Not To Miss A Beat

Megan Keeling profiles Elise Cowen, a female Beat poet who wrote in a community in which “only a few women were recognized as artists, and most were not deemed to possess the talent or creative soul required to produce art”:

Today she is most famous for being Alan Ginsberg’s experiment in heterosexuality, and the typist of his poem “Kaddish.” Beat scholars place her as the footnote in the Legend of Ginsberg: a devoted follower of the poet who lived in his intellectual shadow. Others have written her as a tragic-women-poet figure (she suffered from mental illness most of her life, and committed suicide at the age of 27.) But there is more to her story than that. Her surviving poetry shows a unique perspective on the rigid cultural conformity of the 1950s and also the fringe artistic community of the Beat Generation.

I took the heads of corpses
to do my reading by
I found my name on every page
and every word a lie. …

After her death, Cowen’s family destroyed much of her poetry and writings, describing them as “filthy.” Her poems cover much of the same topics as the male Beats- spirituality, homosexuality, drug use and madness, among many other things. However, as a woman (and a queer one at that) she was too far on the margins even for the Beats. [Author Joyce] Johnson writes: “I’d show her the stories I was writing, but [Elise would] never show me her poems.  ‘I’m mediocre,’ she told me, pronouncing the word in an odd hollow French way.” When her poetry was published, it was largely due to the efforts of her friends, especially Leo Skir, after her death. The first collection of her poems will be published this year.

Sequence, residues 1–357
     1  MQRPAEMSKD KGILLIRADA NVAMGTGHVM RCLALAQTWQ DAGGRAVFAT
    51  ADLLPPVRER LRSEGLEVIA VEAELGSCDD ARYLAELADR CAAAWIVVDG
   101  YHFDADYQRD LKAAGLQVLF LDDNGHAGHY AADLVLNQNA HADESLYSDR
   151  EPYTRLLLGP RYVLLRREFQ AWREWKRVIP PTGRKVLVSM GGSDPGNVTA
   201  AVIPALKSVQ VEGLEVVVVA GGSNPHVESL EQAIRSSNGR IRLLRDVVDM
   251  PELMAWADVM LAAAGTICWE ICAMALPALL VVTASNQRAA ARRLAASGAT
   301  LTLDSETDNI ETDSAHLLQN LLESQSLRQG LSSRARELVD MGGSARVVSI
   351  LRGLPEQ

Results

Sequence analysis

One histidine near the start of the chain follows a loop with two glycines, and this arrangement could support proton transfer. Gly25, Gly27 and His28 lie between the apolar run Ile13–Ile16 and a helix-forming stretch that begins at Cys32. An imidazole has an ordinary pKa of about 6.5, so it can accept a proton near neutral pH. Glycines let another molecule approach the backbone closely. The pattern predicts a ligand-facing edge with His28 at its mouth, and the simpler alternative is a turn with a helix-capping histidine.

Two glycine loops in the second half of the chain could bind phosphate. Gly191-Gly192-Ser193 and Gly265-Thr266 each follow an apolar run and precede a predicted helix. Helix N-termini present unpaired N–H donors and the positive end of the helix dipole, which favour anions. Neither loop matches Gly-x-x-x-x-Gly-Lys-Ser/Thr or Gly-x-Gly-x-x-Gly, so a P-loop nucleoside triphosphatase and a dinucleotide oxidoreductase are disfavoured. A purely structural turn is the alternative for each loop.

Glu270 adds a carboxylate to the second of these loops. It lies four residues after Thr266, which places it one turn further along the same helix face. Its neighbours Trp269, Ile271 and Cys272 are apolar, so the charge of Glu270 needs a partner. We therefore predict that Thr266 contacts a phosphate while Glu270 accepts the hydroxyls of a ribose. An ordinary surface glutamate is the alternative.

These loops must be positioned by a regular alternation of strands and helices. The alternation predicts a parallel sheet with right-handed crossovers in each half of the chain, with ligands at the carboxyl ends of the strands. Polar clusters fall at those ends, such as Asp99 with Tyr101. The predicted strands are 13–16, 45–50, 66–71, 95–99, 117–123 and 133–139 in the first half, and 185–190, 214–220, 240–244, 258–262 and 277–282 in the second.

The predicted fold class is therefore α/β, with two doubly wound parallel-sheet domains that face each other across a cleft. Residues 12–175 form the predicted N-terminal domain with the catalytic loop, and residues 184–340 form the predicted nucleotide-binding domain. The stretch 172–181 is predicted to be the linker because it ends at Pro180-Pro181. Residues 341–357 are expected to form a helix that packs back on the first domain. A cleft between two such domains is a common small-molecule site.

Previous Dish on Beat literature here, here, here, and here.